Bryn Mawr Biologist Paul Grobstein, Scientific Storyteller, Dies at 65

Posted July 7th, 2011 at 11:15 am.

photo of Paul Grobstein

Share stories and memories of Paul Grobstein at the “Paul Stories” forum on Serendip.


Networks of friends and colleagues from the Philadelphia area and around the world join the Bryn Mawr community in mourning the loss of Eleanor A. Bliss Professor of Biology Paul Grobstein, who died last Tuesday, June 28. The College will host a memorial service for Grobstein this fall.

A neurobiologist by training, Grobstein was profoundly committed to opening the discussion of science and scientific topics to all. He made major contributions to the creation of Serendip, the first website hosted by Bryn Mawr College; Bryn Mawr’s Center for Science in Society; and the Summer Institutes for K-12 Teachers. His characterization of the scientific method as “getting it less wrong,” a creative process of constant revision that embraces mistakes and  resists hierarchy, sparked countless discussions across social boundaries of all kinds.

Bryn Mawr President Jane McAuliffe notified Bryn Mawr’s campus community of Grobstein’s passing with this email:

It is with deep sadness that I share the news that Paul Grobstein, Eleanor A. Bliss Professor of Biology, passed away Tuesday, 28 June 2011.

Paul earned his B.A. in biology at Harvard University and an M.S. and Ph.D. in biology from Stanford University. Prior to coming to Bryn Mawr in 1986, Paul was an associate professor and research associate at the University of Chicago. At Bryn Mawr, Paul’s teaching included courses ranging from Introductory Biology to Philosophy of Science taught with Michael Krausz, to Evolution of Stories with Anne Dalke, and The Brain and Education, cross-listed with the education department.

Paul founded the Summer Institutes for K-12 Teachers, which have brought hundreds of local educators to campus to consider new ways of teaching science and math. He served as chair of the biology department and was instrumental in the establishment and success of the Center for Science in Society. During his tenure, Paul supervised a dozen graduate and postgraduate students and in 1998 received the Rosalyn R. Schwartz Teaching Award for teaching excellence and campus leadership.

According to his colleagues, Paul’s greatest legacy may be his “absolute conviction and devotion to the notion of breaking down barriers between disciplines and building interdisciplinary interactions.” Paul’s extensive cross-departmental teaching is evidence of this commitment, as is Serendip, which he co-founded in 1994.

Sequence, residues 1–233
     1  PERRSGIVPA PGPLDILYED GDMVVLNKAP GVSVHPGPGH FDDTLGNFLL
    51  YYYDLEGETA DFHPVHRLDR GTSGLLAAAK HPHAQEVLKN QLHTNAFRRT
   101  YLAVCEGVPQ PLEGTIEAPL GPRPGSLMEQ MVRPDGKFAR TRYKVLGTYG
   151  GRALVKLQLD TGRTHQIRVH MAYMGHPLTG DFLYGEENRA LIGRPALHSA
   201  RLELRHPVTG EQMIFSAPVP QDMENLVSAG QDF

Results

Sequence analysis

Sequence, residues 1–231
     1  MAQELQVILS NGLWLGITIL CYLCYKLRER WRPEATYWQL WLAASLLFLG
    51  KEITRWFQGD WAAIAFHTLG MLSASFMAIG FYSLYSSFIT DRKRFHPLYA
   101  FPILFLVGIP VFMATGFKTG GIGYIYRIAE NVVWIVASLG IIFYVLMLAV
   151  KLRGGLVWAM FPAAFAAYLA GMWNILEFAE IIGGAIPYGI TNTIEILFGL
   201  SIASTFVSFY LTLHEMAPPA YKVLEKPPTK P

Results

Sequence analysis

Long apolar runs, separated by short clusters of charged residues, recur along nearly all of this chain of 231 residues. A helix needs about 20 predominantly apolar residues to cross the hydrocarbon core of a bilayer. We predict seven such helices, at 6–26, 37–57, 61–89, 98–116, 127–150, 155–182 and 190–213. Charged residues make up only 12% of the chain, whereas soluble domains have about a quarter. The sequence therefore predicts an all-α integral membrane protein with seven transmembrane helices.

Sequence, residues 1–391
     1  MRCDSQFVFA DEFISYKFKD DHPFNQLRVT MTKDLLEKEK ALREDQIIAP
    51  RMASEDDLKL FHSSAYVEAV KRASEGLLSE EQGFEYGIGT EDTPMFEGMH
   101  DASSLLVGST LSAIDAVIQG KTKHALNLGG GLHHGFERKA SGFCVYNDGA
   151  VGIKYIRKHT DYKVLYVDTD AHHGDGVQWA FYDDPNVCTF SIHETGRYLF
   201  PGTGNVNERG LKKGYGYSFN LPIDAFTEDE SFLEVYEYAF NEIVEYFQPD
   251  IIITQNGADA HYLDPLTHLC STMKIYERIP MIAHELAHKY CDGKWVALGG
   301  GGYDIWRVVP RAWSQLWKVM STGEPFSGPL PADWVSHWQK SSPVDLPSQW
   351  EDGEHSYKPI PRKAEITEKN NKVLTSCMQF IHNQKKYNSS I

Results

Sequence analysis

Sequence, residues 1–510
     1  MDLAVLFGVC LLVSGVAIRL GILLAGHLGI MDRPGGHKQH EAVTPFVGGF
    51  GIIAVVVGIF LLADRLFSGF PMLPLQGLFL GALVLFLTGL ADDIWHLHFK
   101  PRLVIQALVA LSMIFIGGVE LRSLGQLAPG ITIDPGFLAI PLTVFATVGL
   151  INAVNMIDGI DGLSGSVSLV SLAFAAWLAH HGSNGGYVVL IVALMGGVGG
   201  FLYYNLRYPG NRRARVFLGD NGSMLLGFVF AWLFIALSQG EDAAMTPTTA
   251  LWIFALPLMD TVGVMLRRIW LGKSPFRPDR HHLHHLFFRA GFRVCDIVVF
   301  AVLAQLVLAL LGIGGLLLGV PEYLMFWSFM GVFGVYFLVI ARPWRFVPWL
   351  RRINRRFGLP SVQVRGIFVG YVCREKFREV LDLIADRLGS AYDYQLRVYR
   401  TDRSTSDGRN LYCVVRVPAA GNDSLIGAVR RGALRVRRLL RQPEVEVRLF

Designed as “a gathering place for people who suspect that life’s instructions are always ambiguous and incomplete…and hence need to be continually examined and rewritten,” Serendip has a world-wide audience and is linked to many other sites in the areas of neurobiology, cognitive science, science education, and science and culture.

Paul said his many interests and activities shared in common “a strong belief in the capabilities of the human brain to explore and create, both individually and collectively, in ways that achieve improved understandings of the human condition and open new avenues for its further development. And a belief that modern information technology, including the web, is a distinctive and valuable tool for the extension of human understanding.”

One friend and colleague writes, “Paul was a man who loved thinking about and playing with ideas. He thoroughly enjoyed both telling stories and evoking them from others, in order to urge revision (both of the stories and of the people telling them!). He had a particular interest in what he called “slippery brains”: those that change states frequently and rapidly, making it disconcerting to others and (sometimes?) to oneself. He was the smartest person, deepest skeptic, and most profound believer in others’ potential that I have ever had the pleasure to know, or the joy to work with.”

A biology colleague called Paul “an exemplary member of the Bryn Mawr College community, not just the department” and recalled the mentoring he provided Peter Brodfuehrer and Wil Franklin.

Paul is survived by his twin children, son Jed Grobstein and daughter Rachel Grobstein. The College has established a fund in Paul’s honor and will accept donations to Bryn Mawr College care of the Paul Grobstein Memorial Fund. Contributions will support the future of Serendip.

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